What I Learned from Mapping My Time (+ Why You Should Try It)

"I'm so busy," "There just aren't enough hours in the day," "I'd love to, but I'll never have time..."

Sound familiar? It's so common to feel you are running at full-speed through the week, only to make it to an equally-packed weekend ... and feel exhausted by the time Monday morning rolls around again. But why? Why are we running ourselves ragged? And shouldn't there be a better way? Guess what: there is. 

A new part of the last e-course I taught was about time: specifically, how to create more time for the things you really want to be doing. In order to teach this module of our class, I needed to be my own guinea pig and test out my ideas. After going through this process myself, I found the most effective tool to be a time map

Want More Hours in Your Day? Make a time map! (I'll show you how)

So, what the heck is a time map?

A time map is simply a record of how you actually spend the hours of your day. The key word here being actually! When we make guesses about how we are spending our time, we tend to underestimate how long we spend on not-so-great things (like browsing social media) and overestimate the amount of time we spend on positive things (like playing with our kids) - and getting a clear picture of how we actually spend our time is the first step if you want to change things.

How to make your time map:

  1. Decide how long to track your time. You can map your time for a day, a week, or longer. If you choose to track your time for a single day, be sure to choose a pretty average day - not one with super-unusual circumstances, like a birthday party or a special day off. Just pick a normal, run of the mill day.
  2. Decide how to keep your log. You can use your phone or paper and pencil, just make sure it's something you will have on you at all times.
  3. Track it! I recommend beginning first thing in the morning by recording the time you wake up. Each time you start a new activity (making breakfast, commuting to work, etc.) record the time and make a note of what you are doing.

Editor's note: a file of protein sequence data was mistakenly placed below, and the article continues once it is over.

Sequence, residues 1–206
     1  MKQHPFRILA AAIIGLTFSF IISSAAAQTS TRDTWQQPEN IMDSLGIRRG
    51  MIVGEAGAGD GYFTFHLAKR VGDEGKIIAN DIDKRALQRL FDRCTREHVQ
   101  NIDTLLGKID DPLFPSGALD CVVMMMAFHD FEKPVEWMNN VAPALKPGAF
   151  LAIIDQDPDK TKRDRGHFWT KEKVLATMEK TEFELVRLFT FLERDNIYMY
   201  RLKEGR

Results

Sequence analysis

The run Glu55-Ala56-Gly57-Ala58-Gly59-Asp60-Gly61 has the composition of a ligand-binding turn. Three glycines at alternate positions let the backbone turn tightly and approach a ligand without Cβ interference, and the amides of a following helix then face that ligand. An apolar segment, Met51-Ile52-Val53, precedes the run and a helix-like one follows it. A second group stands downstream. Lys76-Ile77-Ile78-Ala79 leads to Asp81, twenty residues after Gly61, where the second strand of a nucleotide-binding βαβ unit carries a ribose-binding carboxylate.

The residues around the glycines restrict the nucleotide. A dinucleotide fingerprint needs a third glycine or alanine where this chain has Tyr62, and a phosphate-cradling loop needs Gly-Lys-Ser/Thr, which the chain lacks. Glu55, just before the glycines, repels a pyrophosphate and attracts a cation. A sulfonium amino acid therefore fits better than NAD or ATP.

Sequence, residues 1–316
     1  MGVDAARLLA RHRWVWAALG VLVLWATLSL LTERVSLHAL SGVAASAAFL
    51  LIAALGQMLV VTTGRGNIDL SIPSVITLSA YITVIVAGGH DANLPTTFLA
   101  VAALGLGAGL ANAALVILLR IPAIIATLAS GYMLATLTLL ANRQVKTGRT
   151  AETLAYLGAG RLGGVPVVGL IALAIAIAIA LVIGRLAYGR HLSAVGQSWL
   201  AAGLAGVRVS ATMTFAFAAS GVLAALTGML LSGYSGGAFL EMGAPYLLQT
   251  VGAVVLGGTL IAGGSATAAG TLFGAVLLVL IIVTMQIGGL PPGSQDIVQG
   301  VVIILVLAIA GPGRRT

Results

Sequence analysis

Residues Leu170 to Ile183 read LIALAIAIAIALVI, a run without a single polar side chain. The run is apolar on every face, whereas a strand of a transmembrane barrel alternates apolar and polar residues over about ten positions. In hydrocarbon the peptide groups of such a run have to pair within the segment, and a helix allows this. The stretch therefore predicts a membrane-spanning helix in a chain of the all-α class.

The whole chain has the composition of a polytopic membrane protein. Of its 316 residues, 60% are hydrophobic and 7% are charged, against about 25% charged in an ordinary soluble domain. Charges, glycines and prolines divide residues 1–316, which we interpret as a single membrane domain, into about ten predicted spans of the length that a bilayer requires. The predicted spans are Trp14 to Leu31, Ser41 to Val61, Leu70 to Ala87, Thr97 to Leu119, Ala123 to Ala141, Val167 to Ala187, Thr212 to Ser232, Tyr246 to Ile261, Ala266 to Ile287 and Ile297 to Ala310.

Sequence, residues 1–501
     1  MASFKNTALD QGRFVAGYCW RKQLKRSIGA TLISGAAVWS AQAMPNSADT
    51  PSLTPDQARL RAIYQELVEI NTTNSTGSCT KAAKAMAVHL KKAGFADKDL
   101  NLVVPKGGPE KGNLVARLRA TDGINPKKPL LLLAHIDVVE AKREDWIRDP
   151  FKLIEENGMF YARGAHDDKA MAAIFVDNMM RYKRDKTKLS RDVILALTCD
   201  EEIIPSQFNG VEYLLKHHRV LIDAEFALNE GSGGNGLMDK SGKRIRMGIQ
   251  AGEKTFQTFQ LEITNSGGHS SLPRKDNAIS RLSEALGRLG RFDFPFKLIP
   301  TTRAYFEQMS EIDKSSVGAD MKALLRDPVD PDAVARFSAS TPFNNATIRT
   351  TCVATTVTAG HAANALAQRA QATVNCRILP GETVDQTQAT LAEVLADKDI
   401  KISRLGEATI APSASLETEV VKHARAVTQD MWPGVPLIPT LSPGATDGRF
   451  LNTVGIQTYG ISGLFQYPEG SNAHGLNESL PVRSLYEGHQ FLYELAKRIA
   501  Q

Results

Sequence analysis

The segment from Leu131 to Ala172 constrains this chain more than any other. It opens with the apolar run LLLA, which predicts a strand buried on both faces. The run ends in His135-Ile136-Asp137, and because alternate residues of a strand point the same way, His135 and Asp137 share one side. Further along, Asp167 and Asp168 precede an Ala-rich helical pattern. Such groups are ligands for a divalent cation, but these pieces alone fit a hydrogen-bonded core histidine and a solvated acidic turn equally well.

4. Learn from it. Pour yourself a cup of tea and peruse your notes. What surprises you? What would you like to change? If you are a visual person, you could transfer your raw data into a pretty pie chart (I like Keynote on the Mac) or colorful graph.

First you can see how I was spending my time when I created my map (hover over chart to see the labels):

TIME MAP: Hours in My Day (Current)

I learned that I was spending more time on social media + random browsing online that I would like (2 hours!) and working for 8 hours, even though I work from home and supposedly have a flexible schedule. And the amount of "personal" time I was getting was practically nonexistent, coming in at 30 minutes total, including my shower + getting dressed. 

What's next?

Next, my friends, is the fun part: it's when you look at your current time map and do a little creative editing. What can you cut that's not bringing you joy? What commitments can you let go of (or delegate)? And, perhaps most importantly: what do you wish you had more time for? Start working in pockets of time for your passions, for creativity, self-care, wellness, reading, and yoga. Start trimming away excess screen time and drudgery.

Look for creative ways to fix things you have accepted as unchangeable: Can you swap child care with a friend to get some alone time? Wake up a half-hour early to work on your novel? Get groceries delivered so you don't have to drag your screaming toddler to the store?

After making a few tweaks, my DESIRED time map looked like this (hover over chart to see the labels):

TIME MAP: Hours in My Day (Desired)

My new-and-improved time map includes an hour more sleep, an hour less work, and 1 1/2 hours more personal time. How did I manage this? By making a commitment to work more efficiently within the time I have scheduled, I have been able to stick to a 7-hour workday ... and this also meant less social media time, because I found I was most likely to browse social media sites while procrastinating on a writing assignment. And that extra hour of sleep? It doesn't happen every day, but when I do manage to get to bed earlier, I find that I am more alert + focused the next day, which makes my work go faster!

Take Action!

So what are you waiting for? Start mapping your time, and see what changes it inspires. (And if you try it, I'd love to hear!)